The following episode requires particular attention: At 12.45 pm local time on 25 March, about an hour before the start of the planned peaceful protest, anti-riot police raided the offices of the Human Rights Center Viasna and detained a total of 57 Belarusian and foreign human rights defenders and volunteers as well as journalists. Human rights defenders and volunteers had gathered there for a training on monitoring the protests and were planning to go to the streets of Minsk for observation of the assemblies. Among them were representatives of Viasna, the Belarusian Helsinki Committee, the Belarusian Documentation Center, Frontline Defenders, International Partnership for Human Rights and other organisations. The police shouted at all present, intimidated them, and ordered to lie down on the floor face down. 57 people were detained without any charges, packed in the buses and brought to the Pervomaisky district police station, where their belongings were searched and their personal information recorded. The detainees were held there for two and a half hours and were released afterwards without charges. One of the detained needed medical treatment because of injuries sustained when being beaten by police. The raid of the offices of Viasna and the detention of the monitors were clearly aimed at intimidating and preventing them from observing the peaceful assembly and documenting possible violations.
The crackdown continued on 26 March, with dozens of people being detained by police as they gathered at October Square in Minsk at noon to express solidarity with those detained the day before. Among the detained on 26 March were at least one human rights defender, one civil society activist and one journalist. Representatives of national and international human rights NGOs, including members of the CSP, continue to document violations perpetrated in connection with the events of the last few days.
The detentions on 25-26 March followed the earlier detention of about 300 people, including opposition members, journalists and human rights defenders in the last few weeks. These detentions have taken place against the background of a wave of peaceful demonstrations that were carried out across Belarus since mid-February 2017 to protest against so-called “social parasites” law which imposes a special tax on those who have worked for less than six months during the year without registering as unemployed. The legislation, which has affected hundreds of thousands of people in the economically struggling country, has caused widespread dismay. On 9 March, President Lukashenko suspended the implementation of the law but refused to withdraw it, resulting in further protests. Many of those detained have been fined or arrested for up to 15 days on administrative charges related to their participation in the peaceful protests. Over two dozen people are facing criminal charges on trumped-up charges of preparation to mass riots.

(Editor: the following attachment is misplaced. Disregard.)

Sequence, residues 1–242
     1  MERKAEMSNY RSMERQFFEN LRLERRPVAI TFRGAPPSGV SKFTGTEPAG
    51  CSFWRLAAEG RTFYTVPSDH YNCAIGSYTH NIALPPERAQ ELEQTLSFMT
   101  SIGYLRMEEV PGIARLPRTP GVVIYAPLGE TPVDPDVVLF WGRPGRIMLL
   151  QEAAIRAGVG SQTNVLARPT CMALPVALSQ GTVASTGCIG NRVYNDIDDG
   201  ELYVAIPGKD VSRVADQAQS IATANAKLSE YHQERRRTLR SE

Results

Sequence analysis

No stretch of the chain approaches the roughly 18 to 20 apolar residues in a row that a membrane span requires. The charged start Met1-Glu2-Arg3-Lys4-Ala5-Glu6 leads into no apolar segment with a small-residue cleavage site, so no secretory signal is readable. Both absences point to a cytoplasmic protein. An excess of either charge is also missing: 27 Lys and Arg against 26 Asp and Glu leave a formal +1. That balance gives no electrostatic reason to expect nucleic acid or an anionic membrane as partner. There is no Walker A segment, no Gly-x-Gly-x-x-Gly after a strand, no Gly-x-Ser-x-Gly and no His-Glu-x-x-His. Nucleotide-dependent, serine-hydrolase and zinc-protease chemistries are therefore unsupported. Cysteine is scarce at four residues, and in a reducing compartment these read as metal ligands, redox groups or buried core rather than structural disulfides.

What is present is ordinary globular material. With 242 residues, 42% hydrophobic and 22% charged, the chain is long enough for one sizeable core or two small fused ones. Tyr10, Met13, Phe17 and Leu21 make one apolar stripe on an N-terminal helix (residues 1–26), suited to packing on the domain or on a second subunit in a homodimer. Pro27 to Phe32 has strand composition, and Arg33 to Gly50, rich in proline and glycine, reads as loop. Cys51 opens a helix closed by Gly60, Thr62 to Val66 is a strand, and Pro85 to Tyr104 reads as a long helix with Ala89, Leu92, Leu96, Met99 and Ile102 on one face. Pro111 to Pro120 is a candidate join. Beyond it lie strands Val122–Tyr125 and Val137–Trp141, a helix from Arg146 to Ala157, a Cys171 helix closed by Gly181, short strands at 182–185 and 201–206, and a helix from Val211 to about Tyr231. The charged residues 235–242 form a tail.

Signed by the following CSP members:
- Analytical Center for Inter-Ethnic Cooperation and Consultations (Georgia)
- Article 19 (United Kingdom)
- Association UMDPL (Ukraine)
- Bir Duino (Kyrgyzstan)
- Bulgarian Helsinki Committee
- Center for Civil Liberties (Ukraine)
- Centre for the Development of Democracy and Human Rights (Russia)
- Committee against Torture (Russia)
- Crude Accountability (USA)
- Freedom Files (Russia/Poland)
- German-Russian Exchange – DRA (Germany)
- Helsinki Association of Armenia
- Helsinki Citizens’ Assembly – Vanadzor (Armenia)
- Helsinki Committee of Armenia
- Helsinki Committee for Human Rights in Serbia
- Helsinki Foundation for Human Rights (Poland)
- Human Rights Center of Azerbaijan
- Human Rights First (USA)
- Human Rights House Foundation (Norway)
- Human Rights Information Center (Ukraine)
- Human Rights Monitoring Institute (Lithuania)
- The institute for Reporters’ Freedom and Safety (Azerbaijan/Georgia/Switzerland)
- Index on Censorship (United Kingdom)
- Institute Respublica (Ukraine)
- International Partnership for Human Rights (Belgium)
- Kazakhstan International Bureau for Human Rights and Rule of Law
- The Kosova Rehabilitation Center for Torture Victims
- Macedonian Helsinki Committee
- Moscow Helsinki Group (Russia)
- The Netherlands Helsinki Committee
- Norwegian Helsinki Committee
- Office of Civil Freedoms (Tajikistan)
- Promo-LEX (Moldova)
- Protection of Rights without Borders (Armenia)
- Public Association “Dignity” (Kazakhstan)
- Public Alternative Foundation (Ukraine)
- Public Foundation Golos Svobody (Kyrgyzstan)
- Public Verdict Foundation (Russia)
- Regional Center for Strategic Studies (Azerbaijan/ Georgia)
- Serbian Helsinki Committee for Human Rights
- SOLIDARUS e.V. (Germany)
- The Swiss Helsinki Committee
- Ukrainian Helsinki Human Rights Union
- Women’s International League for Peace and Freedom
- World Organisation against Torture (OMCT)
- SOVA Center for Information and Analysis
Other organisations who have joined the statement:
- Belarus Free Theatre
- Libereco – Partnership for Human Rights (Switzerland)
- PEN International